“I am interested in projecting human implications through an artistic vision of a community on which long-standing woes have piled. However, amidst the nightmarish climate surrounding them, there is something which we sympathize with.” Hamed Nada (1924 – 1990)
A satirist of the human tragedy at first, Nada was one of the key members of the Contemporary Art Group, founded by Hussein Youssef Amin. His early period showed shapeless, tragic characters with symbols like tattoos. There, it was with difficulty that one could differentiate between Nada and Gazzar – the other key member of the Contemporary Art Group.
As years went by, Nada moved towards vitality, lyrical rhythm, and simplicity, driven by children’s drawings as a schoolteacher himself.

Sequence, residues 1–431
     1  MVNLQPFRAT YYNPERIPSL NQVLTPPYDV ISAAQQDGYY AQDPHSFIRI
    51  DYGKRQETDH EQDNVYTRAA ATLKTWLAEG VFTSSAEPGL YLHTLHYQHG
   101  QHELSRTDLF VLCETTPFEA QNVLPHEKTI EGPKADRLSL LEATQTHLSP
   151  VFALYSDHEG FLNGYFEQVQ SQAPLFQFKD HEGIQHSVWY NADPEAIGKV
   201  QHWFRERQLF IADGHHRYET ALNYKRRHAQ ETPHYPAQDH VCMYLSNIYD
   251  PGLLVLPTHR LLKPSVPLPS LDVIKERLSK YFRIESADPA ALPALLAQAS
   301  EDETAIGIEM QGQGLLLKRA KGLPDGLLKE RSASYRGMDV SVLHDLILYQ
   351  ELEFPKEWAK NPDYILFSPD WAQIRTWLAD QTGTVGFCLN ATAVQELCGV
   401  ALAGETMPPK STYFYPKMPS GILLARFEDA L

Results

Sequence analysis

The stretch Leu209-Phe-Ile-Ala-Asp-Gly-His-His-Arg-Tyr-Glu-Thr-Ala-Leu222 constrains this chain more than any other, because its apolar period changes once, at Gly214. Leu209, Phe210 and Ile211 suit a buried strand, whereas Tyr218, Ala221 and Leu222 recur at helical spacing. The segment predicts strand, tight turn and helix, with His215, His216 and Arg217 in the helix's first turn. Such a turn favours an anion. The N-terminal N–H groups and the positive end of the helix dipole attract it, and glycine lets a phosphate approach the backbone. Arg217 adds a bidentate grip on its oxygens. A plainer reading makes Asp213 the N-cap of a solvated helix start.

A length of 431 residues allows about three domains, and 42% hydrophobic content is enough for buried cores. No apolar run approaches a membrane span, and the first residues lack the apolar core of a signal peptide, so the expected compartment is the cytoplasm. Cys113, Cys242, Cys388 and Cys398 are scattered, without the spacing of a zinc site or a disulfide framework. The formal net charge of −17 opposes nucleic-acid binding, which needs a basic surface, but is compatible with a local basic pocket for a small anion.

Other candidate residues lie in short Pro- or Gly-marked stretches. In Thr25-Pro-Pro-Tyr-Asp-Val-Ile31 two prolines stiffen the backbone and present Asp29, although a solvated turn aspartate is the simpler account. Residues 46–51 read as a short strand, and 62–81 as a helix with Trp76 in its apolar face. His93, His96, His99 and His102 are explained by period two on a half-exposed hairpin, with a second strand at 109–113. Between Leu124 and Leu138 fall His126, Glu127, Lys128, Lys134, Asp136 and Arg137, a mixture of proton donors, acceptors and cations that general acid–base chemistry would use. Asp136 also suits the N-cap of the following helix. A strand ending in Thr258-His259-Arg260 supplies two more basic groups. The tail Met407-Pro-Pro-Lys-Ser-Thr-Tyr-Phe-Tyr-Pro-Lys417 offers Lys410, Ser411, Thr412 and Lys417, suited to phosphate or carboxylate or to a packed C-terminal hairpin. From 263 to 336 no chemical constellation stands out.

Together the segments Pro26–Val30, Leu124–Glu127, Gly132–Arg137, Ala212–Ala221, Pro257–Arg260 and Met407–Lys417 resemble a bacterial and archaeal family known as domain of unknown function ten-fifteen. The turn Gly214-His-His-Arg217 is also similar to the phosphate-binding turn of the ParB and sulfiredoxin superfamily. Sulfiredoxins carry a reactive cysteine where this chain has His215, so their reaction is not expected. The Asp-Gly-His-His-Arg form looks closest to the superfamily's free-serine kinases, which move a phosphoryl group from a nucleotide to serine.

Finally, with the open-door policy, Nada testified to the fragile Egyptian bowing to the contrasting Western and Wahaby manifestations, cultural and religious pressures.
The mature paintings of Hamed Nada are filled with anecdotal details. Rich in nuances of mystery and magic, together, they are intended to evoke a sense of folklore, woven from a tapestry of the Thousand and One Nights, pharaonic mythology, and popular legends.